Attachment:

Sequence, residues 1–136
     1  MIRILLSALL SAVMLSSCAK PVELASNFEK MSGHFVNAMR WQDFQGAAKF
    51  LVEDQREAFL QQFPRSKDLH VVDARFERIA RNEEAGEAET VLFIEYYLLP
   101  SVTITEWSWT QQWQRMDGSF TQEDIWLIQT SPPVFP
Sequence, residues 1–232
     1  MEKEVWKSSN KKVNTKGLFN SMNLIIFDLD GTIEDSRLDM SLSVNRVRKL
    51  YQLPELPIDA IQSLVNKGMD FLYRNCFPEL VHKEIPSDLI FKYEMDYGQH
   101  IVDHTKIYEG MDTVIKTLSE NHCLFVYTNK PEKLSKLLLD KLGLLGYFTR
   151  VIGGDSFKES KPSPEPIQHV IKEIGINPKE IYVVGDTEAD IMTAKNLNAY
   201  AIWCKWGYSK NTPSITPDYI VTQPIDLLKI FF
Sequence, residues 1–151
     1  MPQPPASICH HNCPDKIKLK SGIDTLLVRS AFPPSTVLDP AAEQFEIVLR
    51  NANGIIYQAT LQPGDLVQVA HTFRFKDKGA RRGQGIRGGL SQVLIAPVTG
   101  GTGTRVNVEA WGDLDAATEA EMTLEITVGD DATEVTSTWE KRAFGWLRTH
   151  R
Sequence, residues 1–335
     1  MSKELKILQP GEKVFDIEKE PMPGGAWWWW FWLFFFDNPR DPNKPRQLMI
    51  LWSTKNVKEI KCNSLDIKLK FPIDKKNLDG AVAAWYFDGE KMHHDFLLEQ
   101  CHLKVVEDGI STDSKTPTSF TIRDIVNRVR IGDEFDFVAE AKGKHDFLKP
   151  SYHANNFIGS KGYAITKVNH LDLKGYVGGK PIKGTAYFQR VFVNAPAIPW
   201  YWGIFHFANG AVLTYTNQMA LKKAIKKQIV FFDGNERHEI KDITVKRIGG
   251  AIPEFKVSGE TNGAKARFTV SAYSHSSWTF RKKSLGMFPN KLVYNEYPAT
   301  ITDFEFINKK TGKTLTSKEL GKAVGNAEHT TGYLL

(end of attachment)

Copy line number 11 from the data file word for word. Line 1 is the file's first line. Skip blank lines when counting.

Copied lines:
Sequence, residues 1–151